Niagara Gazette

October 8, 2012

Toohey gets another delay in Hickory Stick embezzlement case

By Rick Pfeiffer
Niagara Gazette

Niagara Gazette — BUFFALO — He is still talking to federal prosecutors, and as long as he does, disbarred Lewiston lawyer Timothy Toohey will apparently stay out of prison.

For the seventh time, since Toohey pleaded guilty, in January 2010, to embezzling $202,000 from the $2.1 million Hickory Stick Golf Course project of the Seneca Gaming Corp., his sentencing in U.S. District Court in Buffalo has been postponed.

He has also pleaded guilty to a charge of filing a false tax return that did not reflect the income he received in the embezzlement scheme.

Toohey was scheduled to be sentenced on Oct. 25 by District Court Judge Richard Arcara, but the proceeding has now been put off until April 25.

The postponement at the request of Assistant United States Attorney James P. Kennedy.

As was the case with Kennedy’s six previous adjournment requests, the reasons for the delay were outlined in an affidavit from the prosecutor that has been sealed by the court and is not available for review by reporters or the public.

Neither Kennedy nor Toohey’s defense lawyer, Joel Daniels, have commented on the repeated postponements of his sentencing.

Sources close to the case have told the Gazette that Toohey is cooperating with prosecutors and the FBI in their continuing investigation into the land deal that secured the 251-acre plot of land for the Seneca’s golf course. That cooperation could earn the one-time lawyer and Democratic party activist a reduction in his potential sentence in the case.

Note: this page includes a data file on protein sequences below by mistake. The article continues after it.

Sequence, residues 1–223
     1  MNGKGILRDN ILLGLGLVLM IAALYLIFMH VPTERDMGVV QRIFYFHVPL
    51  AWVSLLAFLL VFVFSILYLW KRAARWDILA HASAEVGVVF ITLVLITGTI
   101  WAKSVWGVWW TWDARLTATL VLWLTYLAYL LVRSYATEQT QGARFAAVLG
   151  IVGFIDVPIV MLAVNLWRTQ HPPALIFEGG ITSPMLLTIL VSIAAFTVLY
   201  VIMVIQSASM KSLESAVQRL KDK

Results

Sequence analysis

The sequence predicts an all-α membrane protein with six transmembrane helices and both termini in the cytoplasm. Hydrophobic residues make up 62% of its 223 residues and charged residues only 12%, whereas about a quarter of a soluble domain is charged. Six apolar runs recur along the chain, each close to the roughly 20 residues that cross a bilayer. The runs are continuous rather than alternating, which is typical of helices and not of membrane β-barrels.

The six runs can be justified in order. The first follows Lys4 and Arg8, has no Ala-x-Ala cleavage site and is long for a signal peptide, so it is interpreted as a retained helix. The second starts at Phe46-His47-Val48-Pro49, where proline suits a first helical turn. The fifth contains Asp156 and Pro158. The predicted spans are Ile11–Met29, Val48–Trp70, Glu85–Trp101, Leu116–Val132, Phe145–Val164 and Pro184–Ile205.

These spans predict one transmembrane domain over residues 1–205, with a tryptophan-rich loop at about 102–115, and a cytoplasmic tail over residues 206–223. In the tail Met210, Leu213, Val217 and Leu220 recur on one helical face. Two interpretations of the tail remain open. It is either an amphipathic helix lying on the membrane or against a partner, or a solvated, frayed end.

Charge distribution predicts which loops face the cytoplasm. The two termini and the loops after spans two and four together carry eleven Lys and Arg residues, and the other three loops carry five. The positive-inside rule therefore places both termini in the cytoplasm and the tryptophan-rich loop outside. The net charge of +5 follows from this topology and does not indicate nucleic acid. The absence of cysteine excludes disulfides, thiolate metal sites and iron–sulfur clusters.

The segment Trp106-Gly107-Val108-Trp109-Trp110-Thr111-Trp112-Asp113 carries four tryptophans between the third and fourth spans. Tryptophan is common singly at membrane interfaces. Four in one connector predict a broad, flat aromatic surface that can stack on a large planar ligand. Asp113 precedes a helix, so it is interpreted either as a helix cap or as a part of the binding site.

He faces a maximum possible penalty of five years in prison, a fine of $250,000 or both on the embezzlement charge. The income tax law violation carries a maximum three-year prison term and a fine of $100,000 or both.

Federal sentencing guidelines show Toohey could face a prison term of somewhere between 21 and 47 months. Prosecutors have indicated that, as part of any sentence, they will ask for restitution from Toohey to the Seneca Gaming Corp.

When he pleaded guilty, Toohey said he and Bergal Mitchell III, the former vice chairman of the Seneca Gaming Corp., made an “unlawful agreement” that allowed them to skim money from the land deal.

In addition to Toohey’s six figure haul, federal prosecutors claim Mitchell got $248,000 and his wife, Rachel, got $90,000.

In February 2011, a federal grand jury indicted Mitchell, 37, of Gowanda, on charges of bribery, theft by an officer or employee of a gaming establishment on Indian land, wire fraud, conspiracy and eight counts of money laundering. Mitchell has pleaded not guilty to those charges.

The 18-hole Hickory Stick course, designed by world-renowned golf architect Robert Trent Jones, opened in June 2010.